About the Forest

Rock formations along Snake Gulch trail

If you haven’t been to the Kaibab National Forest yet, you must come! From canyons to prairies, peaks to plateaus, the Kaibab National Forest offers layers of opportunity for peace, solitude and discovery.

The forest is nestled on the Colorado Plateau. The Mogollon Rim forms the south boundary. Grand Canyon National Park bisects the center of the forest. To the north, the forest extends almost to the border with Utah.

Elevations range from about 3,000 feet to 10,418 feet at the top of Kendrick Mountain. Beginning in low elevation grasslands and sagebrush, the forest steps up through forests of pinyon-juniper and ponderosa pine to fir, spruce and aspen. Summer temperatures range from 50°F at night to 80-90° during the day. Summer thunderstorms, known as the monsoon, can build up quickly, especially during July and August. Snow is common from December through March.

Opportunities for recreation abound, including developed facilities such as campgrounds, picnic areas, viewpoints and snow sports. Over 300 miles of trails, some clinging to the rims of the Grand Canyon, allow you to step off the beaten path into uncrowded landscapes. Four designated Wildernesses are managed for challenge and solitude. The Kaibab Plateau-North Rim Scenic Byway winds through meadows and forest ending at Grand Canyon National Park's North Rim.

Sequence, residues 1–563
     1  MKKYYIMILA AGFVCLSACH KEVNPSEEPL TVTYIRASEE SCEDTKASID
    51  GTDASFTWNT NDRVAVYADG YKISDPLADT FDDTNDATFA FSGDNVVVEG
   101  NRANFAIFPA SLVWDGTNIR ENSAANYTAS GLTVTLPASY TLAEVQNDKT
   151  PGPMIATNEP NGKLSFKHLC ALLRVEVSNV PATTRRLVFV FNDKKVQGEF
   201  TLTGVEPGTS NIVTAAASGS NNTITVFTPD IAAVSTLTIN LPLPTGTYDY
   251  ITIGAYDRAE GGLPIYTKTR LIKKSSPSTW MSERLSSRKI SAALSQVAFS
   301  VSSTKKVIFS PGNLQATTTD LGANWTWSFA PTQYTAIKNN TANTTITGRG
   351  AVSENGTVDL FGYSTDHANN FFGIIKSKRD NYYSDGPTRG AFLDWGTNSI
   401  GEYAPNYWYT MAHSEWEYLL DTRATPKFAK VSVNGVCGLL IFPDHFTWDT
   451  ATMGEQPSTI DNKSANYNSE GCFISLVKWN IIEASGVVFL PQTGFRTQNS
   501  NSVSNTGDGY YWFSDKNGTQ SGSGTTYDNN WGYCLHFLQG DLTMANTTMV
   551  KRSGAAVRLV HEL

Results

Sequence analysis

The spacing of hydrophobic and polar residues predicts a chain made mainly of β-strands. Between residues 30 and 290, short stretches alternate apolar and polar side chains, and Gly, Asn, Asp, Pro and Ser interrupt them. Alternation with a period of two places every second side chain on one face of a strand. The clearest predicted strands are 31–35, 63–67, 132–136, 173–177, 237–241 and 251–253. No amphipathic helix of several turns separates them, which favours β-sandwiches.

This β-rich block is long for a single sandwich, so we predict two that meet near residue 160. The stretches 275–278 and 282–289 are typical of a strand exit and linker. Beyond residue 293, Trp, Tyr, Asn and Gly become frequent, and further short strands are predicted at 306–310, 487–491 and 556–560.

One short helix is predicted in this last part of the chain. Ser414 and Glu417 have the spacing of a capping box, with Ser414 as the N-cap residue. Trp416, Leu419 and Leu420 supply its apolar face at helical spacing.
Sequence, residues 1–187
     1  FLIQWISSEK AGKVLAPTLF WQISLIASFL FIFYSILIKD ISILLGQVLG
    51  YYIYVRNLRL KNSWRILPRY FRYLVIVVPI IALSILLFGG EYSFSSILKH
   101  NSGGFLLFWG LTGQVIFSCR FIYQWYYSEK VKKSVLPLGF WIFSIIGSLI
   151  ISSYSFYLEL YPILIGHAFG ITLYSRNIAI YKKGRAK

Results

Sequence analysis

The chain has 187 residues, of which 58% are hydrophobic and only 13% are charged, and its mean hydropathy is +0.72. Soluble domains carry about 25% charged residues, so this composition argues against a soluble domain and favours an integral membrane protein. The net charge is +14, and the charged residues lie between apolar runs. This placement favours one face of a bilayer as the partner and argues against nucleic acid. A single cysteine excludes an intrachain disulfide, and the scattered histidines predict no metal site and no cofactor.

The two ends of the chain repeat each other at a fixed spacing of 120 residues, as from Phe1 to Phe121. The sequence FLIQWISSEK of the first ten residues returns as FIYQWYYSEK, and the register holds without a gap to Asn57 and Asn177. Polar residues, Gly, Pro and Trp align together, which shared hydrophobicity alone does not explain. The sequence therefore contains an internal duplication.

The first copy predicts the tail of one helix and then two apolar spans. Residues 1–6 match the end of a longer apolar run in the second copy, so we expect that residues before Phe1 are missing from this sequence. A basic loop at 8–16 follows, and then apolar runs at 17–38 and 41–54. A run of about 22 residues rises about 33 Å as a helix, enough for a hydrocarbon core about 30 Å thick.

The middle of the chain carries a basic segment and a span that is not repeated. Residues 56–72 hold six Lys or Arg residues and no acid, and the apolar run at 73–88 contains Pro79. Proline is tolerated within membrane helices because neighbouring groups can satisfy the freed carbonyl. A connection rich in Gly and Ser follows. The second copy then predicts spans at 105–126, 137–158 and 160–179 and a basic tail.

To view photos and videos of the Kaibab National Forest, please visit our Flickr albums or collections.

In addition, to see more work from the Kaibab National Forest over the past years check out this accomplishments page with links to our reports (.pdf) that went out in print form to the public and our partners.


Origin of the Kaibab National Forest

Bull Elk in velvet roaming through the forest.

Interesting facts of how the forest came to be today. Over 1 million acres with 10,000+ petroglyphs with rich history that reflects quite a diverse land regarding recreation, wildlife, timber management and more!

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